How I Learned to Live With Bronchiectasis and CF

I was diagnosed late with cystic fibrosis. When I found out I had bronchiectasis on top of that, I was crushed. However, nine years later, my health is as good as it can be, and I’ve learned the value of fighting back.

| 4 min read
Marieliz-Landa-Headshot
Marieliz Landa
A woman putting on a vest from the waist down.

When I found out that I had bronchiectasis, it was terrifying because it’s a condition that up until that point in my life, I had never heard of. It was overwhelming because I began to find out scary details about it. I started down this unknown road and I did not know what to expect.

Bronchiectasis is a progressive condition that occurs when the airways become “damaged, causing them to widen and become loose and scarred,” according to the National Heart, Lung, and Blood Institute. This damage makes it difficult to clear mucus, creating an environment for recurrent infections. As we celebrate the inaugural World Bronchiectasis Day today, I felt it was important to spread awareness by sharing my struggles with this condition.

Bronchiectasis only added to my CF worries. It was something that wasn’t going to stop hurting me and made me anxious about the future. At the same time, I also felt a sense of relief because I like to have answers to everything and I keep fighting until I get results. I really do not mess around when it comes to my health. Cystic fibrosis is a constant force in my life that needs attention and care  and that was what bronchiectasis became for me.

I had bronchiectasis in my right lower lobes and had irreversible damage. That explained why I was constantly getting lung infections. I was very unwell, and I struggled to walk far without gasping for air. The pain was terrible and it was a pain that would not fade. Not only did I have to deal with the fact that I was diagnosed late with CF, but that my CF had progressed enough to where my bronchiectasis was here to stay. It was devastating. I had to mentally get a grip and ask myself, “Where do I go from here?”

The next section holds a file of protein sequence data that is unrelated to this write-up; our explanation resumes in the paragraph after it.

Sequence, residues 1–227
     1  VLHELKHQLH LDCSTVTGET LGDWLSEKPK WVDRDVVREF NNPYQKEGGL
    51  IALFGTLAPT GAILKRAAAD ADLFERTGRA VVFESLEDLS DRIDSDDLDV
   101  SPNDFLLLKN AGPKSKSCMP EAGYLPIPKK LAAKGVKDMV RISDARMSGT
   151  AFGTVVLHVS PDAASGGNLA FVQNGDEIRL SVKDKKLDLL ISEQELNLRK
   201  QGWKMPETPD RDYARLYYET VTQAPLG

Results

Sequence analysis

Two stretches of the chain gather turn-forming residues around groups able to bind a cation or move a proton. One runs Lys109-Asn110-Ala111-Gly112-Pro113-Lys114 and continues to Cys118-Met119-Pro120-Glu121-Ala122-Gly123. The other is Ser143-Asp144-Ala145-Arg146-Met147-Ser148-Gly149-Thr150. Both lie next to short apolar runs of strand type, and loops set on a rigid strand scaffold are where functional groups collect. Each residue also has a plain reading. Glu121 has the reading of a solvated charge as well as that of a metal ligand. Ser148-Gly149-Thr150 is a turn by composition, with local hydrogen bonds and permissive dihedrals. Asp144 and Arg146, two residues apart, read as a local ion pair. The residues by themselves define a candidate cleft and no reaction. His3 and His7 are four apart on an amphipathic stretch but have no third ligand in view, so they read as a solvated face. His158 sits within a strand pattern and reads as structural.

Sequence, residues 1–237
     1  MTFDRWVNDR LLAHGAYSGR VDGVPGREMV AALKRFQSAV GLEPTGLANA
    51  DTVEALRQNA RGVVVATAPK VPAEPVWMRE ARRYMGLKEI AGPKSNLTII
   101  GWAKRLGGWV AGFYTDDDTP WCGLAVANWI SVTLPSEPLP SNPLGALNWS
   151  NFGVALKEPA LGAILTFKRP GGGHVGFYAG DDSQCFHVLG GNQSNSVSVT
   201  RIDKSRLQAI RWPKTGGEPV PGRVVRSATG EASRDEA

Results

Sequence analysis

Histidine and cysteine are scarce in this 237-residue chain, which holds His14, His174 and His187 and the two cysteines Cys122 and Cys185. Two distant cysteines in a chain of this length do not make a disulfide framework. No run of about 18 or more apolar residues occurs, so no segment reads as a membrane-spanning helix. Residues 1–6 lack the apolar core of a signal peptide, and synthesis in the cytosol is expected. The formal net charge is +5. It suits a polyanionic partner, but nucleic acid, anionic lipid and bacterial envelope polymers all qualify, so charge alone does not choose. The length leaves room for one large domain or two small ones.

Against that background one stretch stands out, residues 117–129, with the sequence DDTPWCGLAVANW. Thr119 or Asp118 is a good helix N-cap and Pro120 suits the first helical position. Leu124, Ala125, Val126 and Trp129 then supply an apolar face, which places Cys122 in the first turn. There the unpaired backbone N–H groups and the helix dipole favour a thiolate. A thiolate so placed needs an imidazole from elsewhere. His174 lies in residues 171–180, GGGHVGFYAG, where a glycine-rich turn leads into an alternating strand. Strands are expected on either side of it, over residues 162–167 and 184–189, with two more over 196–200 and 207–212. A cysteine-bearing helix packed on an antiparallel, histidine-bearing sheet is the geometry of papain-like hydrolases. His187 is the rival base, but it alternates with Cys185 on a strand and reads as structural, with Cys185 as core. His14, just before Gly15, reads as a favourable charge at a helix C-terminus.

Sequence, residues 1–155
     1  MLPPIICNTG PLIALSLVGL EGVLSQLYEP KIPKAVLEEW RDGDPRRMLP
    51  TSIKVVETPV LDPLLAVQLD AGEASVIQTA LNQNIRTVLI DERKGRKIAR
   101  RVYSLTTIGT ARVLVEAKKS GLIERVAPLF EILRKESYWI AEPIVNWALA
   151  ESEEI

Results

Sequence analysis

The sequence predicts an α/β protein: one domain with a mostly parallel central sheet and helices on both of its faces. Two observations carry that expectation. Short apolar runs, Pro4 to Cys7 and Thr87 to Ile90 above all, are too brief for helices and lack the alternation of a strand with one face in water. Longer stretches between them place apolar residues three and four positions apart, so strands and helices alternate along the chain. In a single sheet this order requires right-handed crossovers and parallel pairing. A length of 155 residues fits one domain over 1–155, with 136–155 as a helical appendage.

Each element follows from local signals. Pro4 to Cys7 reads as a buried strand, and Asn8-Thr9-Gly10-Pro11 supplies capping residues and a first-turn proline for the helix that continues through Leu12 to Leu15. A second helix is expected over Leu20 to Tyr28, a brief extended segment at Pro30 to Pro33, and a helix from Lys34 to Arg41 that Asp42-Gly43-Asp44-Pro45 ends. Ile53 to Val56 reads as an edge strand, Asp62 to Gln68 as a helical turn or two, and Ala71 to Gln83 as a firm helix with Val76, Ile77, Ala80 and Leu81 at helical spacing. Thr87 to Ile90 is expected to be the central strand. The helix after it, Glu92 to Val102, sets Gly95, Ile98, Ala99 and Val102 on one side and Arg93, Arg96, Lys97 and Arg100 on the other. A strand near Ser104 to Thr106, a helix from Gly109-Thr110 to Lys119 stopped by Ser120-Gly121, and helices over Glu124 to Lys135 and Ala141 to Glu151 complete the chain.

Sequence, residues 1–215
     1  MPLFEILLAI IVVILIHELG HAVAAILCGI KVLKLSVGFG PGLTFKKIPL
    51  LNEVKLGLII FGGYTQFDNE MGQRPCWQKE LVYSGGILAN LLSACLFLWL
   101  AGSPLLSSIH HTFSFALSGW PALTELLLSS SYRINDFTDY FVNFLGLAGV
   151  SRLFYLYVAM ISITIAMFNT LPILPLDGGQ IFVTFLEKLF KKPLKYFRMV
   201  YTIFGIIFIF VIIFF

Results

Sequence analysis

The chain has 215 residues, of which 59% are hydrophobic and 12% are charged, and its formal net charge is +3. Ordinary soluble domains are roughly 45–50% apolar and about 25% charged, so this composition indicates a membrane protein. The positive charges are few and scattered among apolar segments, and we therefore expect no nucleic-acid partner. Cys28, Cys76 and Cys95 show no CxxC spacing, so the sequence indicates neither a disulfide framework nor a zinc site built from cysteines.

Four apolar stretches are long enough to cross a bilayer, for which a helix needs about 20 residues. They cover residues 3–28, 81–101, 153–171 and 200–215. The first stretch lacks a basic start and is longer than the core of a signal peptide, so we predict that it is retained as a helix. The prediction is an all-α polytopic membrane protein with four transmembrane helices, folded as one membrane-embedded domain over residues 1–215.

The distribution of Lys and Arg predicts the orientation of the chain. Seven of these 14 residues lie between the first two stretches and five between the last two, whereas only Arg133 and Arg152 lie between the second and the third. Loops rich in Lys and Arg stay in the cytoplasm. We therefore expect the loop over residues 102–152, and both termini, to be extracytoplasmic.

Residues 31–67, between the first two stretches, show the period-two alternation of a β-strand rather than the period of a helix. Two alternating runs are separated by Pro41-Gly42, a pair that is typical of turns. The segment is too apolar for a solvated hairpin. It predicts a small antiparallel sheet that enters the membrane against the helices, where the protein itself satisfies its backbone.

It was difficult to comprehend those diagnoses and my predicted survival rate. One thing my doctors made clear to me was that I could die, or I could suffer more complications because I did not receive medical intervention earlier. My life at that point became a huge variable of unknowns and what ifs.

The one thing I knew was that I needed to get healthier, and I was not prepared to give up without a fight.

CF is life-altering because it requires so much planning to go about my day. Adding bronchiectasis was also stressful, but I learned to manage both my CF and bronchiectasis in a way that now it’s second nature to me. I had to become acutely aware of my body and my lungs. I had to learn to recognize what lung pain was normal and what wasn’t, what breathing patterns indicated an infection, or what breathing patterns were normal for me.

Mucus became this huge deal because I had to learn what was considered typical for me to indicate something else brewing in my lungs. I learned everything about my mucus, including the consistency of it — was it too thick? too watery? too clumpy? — the color — was it brown, yellow, white, or bloody? — and even the taste. As gross as it sounds, mucus changes in taste when you cough it up and that was also an indicator for me.

As I became one with my body and recognized what was normal or what was indicative of an infection, I gained a sense of control, which allowed me to feel confident that I could handle it. It’s been about nine years since I was diagnosed with bronchiectasis, and I am proud to say that with hard work and help from my care team it has progressed minimally and I am healthy at this stage of CF and bronchiectasis. Never give up on yourself. CF and bronchiectasis are frightening, but they’re not impossible to fight.

Interested in sharing your story? The CF Community Blog wants to hear from you.

This site contains general information about cystic fibrosis, as well as personal insight from the CF community. Opinions and experiences shared by members of our community, including but not limited to people with CF and their families, belong solely to the blog post author and do not represent those of the Cystic Fibrosis Foundation, unless explicitly stated. In addition, the site is not intended as a substitute for treatment advice from a medical professional. Consult your doctor before making any changes to your treatment.

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Marieliz has cystic fibrosis and bronchiectasis. She is a member of the patient advisory council at Presence St. Mary and Elizabeth Medical Center in Chicago, where she ensures patients receive top care and attention from medical staff. Marieliz enjoys getting involved in Foundation projects and currently lives in Chicago with her husband, Michael, and they share an adopted cat named Penelope Marie.

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